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Are Walkman radios superhets?

Discussion in 'Misc Electronics' started by Cass Lewart, Dec 7, 2003.

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  1. Cass Lewart

    Cass Lewart Guest

    I wonder if the walkman type AM/FM radios are superhets. I took one
    apart and could not find any IF transformers. Same would apply to 400
    MHz FRS band walkie talkies. I could not find a schematic.

    _/ Cass Lewart Voice (732) 264-9541 Fax (630) 566-0349/_/
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  2. CWatters

    CWatters Guest

  3. I've answered this thread elsewhere, months ago.

    Certainly, those cheap FM only two button radios use a variant on the
    Phillips TDA7000, ie a conversion to a very low IF frequency where
    an active filter supplies the IF selectivity.

    And it's slightly possible that some cheap AM radios use the later
    variant on the old Plessey ZN414 (I think I got the prefix wrong)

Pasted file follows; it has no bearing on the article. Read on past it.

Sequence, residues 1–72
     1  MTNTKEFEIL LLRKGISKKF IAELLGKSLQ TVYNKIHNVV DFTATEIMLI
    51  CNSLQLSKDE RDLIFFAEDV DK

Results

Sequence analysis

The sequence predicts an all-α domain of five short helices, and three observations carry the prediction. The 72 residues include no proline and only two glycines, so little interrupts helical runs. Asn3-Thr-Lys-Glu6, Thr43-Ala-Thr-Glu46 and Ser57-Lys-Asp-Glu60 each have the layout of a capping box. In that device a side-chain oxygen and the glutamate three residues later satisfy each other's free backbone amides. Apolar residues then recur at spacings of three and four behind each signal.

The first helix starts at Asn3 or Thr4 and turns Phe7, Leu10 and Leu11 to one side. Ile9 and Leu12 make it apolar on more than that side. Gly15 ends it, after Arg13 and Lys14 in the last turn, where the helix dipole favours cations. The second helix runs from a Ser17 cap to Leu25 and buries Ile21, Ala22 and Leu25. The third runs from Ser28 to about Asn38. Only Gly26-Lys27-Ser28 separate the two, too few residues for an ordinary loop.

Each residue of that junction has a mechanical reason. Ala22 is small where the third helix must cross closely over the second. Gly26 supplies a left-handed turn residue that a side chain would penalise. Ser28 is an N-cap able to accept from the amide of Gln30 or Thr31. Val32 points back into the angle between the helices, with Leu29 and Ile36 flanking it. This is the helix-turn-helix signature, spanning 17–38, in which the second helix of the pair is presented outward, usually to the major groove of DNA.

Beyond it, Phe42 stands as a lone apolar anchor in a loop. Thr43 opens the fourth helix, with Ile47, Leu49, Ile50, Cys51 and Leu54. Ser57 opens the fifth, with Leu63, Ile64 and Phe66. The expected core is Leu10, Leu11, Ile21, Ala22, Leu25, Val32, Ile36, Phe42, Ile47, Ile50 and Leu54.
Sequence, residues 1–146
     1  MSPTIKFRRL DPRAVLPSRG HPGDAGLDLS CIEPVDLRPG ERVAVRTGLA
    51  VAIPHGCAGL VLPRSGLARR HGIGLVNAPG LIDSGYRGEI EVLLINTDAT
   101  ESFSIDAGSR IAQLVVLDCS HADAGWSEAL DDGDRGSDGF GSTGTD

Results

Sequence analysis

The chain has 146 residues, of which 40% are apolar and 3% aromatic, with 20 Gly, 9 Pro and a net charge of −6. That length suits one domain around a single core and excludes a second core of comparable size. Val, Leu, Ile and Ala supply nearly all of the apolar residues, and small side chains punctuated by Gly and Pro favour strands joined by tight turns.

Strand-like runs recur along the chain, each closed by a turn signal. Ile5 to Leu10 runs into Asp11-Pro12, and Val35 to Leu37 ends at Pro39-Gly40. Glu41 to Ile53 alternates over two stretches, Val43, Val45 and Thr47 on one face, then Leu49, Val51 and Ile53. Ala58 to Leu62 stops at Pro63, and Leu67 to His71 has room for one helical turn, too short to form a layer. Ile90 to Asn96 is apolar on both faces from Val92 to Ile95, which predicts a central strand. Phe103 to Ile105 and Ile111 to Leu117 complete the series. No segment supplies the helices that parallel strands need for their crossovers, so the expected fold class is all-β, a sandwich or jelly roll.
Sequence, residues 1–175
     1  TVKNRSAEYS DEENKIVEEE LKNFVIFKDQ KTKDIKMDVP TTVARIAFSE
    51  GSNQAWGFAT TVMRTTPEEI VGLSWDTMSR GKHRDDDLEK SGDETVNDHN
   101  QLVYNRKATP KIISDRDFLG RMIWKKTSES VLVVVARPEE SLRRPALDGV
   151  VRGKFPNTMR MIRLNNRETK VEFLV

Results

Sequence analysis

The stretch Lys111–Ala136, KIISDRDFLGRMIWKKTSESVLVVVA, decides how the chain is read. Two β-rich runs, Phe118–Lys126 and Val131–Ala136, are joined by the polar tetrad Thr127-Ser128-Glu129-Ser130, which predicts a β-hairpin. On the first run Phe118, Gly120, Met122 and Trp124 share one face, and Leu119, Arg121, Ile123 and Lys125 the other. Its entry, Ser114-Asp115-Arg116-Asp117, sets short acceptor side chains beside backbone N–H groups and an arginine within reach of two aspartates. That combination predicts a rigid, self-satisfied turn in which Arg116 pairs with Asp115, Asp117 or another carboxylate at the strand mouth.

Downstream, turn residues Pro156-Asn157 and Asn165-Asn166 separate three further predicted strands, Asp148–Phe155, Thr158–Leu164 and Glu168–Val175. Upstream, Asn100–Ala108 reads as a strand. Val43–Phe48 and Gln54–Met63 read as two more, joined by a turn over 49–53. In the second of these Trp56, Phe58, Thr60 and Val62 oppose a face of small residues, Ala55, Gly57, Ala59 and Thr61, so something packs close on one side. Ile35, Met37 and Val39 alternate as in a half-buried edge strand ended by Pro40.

TRF IC. Certainly, in the Phillips datasheet for the IC (I forget
    the number offhand, something like a 7088) in those two button radios,
    they show in one schematic circuitry for an AM section, and it's something
    like those TRF ICs. Certainly, they must be used somewhere, since
    they are being made.

    I have no idea if such schemes are actually being used in "Walkmans"
    though if they are, likely it's limited to the cheap ones.

    I've opened up recent tiny cellphones, and hardly any of it is
    recognizeable, let alone reusable. I suspect that's the case
    in FRS radios. In the old 49MHz superhet walkie talkies, they
    had fairly decent receivers; certainly they were the same basic
    scheme used in a lot of low deviation FM receivers, dual conversion
    with a wide ceramic filter at 10.7MHz and a ceramic filter at 455KHz.
    I can't see them going to something inferior as they move up in frequency,
    especially considering the FRS tend to be more expensive. It's just
    that they use surface mount to make manufacturing cheap, and once
    something becomes surface mount it's not nearly as identifiable
    as those big green or orange filters of days gone by.

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